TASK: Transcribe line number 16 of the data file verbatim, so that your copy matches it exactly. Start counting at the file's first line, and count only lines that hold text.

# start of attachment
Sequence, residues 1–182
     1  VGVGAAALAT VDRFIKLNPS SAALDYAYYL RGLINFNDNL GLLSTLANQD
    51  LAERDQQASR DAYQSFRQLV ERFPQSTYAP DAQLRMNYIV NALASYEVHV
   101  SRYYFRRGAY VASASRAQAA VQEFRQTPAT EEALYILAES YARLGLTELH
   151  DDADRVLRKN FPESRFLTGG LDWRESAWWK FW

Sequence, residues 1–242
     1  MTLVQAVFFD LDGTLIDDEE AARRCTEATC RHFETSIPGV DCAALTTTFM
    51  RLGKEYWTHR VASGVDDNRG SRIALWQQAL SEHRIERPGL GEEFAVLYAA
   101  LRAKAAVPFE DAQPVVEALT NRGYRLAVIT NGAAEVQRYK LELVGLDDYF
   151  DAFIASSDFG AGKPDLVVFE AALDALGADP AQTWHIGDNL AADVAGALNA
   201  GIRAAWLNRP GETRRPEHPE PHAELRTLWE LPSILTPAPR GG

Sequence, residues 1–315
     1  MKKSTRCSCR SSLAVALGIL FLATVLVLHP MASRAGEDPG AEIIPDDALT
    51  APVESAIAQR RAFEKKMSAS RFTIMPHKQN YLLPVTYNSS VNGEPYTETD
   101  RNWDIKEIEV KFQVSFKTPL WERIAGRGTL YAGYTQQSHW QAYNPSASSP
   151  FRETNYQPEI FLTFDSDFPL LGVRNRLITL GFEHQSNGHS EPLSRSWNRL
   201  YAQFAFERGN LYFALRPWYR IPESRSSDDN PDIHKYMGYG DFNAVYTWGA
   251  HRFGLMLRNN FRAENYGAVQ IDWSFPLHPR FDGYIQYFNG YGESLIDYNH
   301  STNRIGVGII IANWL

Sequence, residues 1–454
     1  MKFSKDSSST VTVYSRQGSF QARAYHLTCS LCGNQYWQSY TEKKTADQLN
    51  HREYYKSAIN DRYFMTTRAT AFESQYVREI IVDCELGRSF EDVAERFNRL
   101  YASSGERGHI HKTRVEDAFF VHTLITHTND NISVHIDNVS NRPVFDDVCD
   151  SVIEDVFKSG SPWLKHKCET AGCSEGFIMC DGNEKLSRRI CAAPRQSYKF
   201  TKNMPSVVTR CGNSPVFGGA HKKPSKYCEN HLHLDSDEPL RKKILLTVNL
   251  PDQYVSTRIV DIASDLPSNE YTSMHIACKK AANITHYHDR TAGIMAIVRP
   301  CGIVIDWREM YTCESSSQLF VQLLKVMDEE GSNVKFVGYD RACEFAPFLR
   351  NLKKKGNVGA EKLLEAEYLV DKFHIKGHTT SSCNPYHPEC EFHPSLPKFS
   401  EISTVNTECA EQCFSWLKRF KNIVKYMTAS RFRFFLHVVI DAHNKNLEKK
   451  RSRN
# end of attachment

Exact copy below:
   151  FRETNYQPEI FLTFDSDFPL LGVRNRLITL GFEHQSNGHS EPLSRSWNRL